- "Insignia:The Way You Tell Who's Who in the Military". Defense.gov. Retrieved 2011-07-02.
- "History of Hats". Hatsandcaps.co.uk. Retrieved 2011-07-02.
- Waldman, Katy (2013-10-17). "The history of the witch's hat". Slate.com. Retrieved 2014-03-26.
- Johnston, Ruth A. (2011). All Things Medieval: An Encyclopedia of the Medieval World. ABC-CLIO. Retrieved 2014-03-26.
- Vibbert, Marie, Headdresses of the 14th and 15th Centuries, No. 133, SCA monograph series (August 2006)
- "Hat history". Hatsuk.com. Retrieved 2012-01-07.
- "History of Women's Hats". Vintagefashionguild.org. Retrieved 2012-01-07.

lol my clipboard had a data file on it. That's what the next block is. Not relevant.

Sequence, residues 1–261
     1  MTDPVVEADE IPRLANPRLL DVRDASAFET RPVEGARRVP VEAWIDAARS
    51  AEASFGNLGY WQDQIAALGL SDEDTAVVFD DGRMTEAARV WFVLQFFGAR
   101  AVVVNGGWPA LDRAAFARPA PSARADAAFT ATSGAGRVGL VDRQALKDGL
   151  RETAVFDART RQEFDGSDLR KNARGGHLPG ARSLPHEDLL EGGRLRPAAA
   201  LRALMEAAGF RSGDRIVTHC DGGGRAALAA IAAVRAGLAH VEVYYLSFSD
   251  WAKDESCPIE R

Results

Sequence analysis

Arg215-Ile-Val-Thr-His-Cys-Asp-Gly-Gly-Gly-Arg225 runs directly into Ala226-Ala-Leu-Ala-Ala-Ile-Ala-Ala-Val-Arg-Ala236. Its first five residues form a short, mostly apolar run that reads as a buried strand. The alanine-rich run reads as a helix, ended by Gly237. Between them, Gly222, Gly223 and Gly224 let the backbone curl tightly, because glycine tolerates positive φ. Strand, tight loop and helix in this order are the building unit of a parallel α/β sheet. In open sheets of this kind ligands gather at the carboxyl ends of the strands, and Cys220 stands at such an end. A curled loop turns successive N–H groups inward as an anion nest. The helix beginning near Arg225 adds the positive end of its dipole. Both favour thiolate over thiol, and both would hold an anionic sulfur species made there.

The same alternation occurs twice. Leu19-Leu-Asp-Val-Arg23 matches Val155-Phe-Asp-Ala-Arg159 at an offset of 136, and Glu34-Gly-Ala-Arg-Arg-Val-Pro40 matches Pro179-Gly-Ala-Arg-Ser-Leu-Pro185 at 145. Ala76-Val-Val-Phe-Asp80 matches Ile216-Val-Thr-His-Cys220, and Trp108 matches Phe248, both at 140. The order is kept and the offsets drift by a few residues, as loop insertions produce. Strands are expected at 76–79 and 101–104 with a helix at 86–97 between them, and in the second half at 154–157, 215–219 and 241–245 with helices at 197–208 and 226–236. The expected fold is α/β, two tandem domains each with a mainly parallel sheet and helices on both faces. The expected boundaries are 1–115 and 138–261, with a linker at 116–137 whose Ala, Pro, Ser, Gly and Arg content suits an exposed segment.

- Lauren Turner (2012-06-21). "New dress code a hit at Ascots' Ladies Day". Independent.co.uk. Retrieved 2013-08-29.
- "Hats in History: The Kentucky Derby". Hats-plus.com. 2012-04-28. Retrieved 2013-08-29.
- Millinery Madness: Hat Makers With Attitude
- See Whitbourn, F.: 'Mr Lock of St James's St Heinemann, 1971.
- For an account of the Sharp family's hat-making business, see Knapman, D. - 'Conversation Sharp - The Biography of a London Gentleman, Richard Sharp (1759–1835), in Letters, Prose and Verse'. [Private Publication, 2004]. British Library.
- "Brussels life". Brusselslife.be. Retrieved 2013-04-15.
- "Philip Treacy 'Hatforms' at IMMA Thursday". Raidió Teilifís Éireann. 5 April 2001. Retrieved 11 December 2010.[dead link]
- Philip Treacy: King of Royal wedding hats Irish Independent, 2011-04-29
- Snyder, Jeffrey B. (1997). Stetson Hats and the John B. Stetson Company 1865–1970. Atglen: Schiffer. p. 57. ISBN 0-7643-0211-6.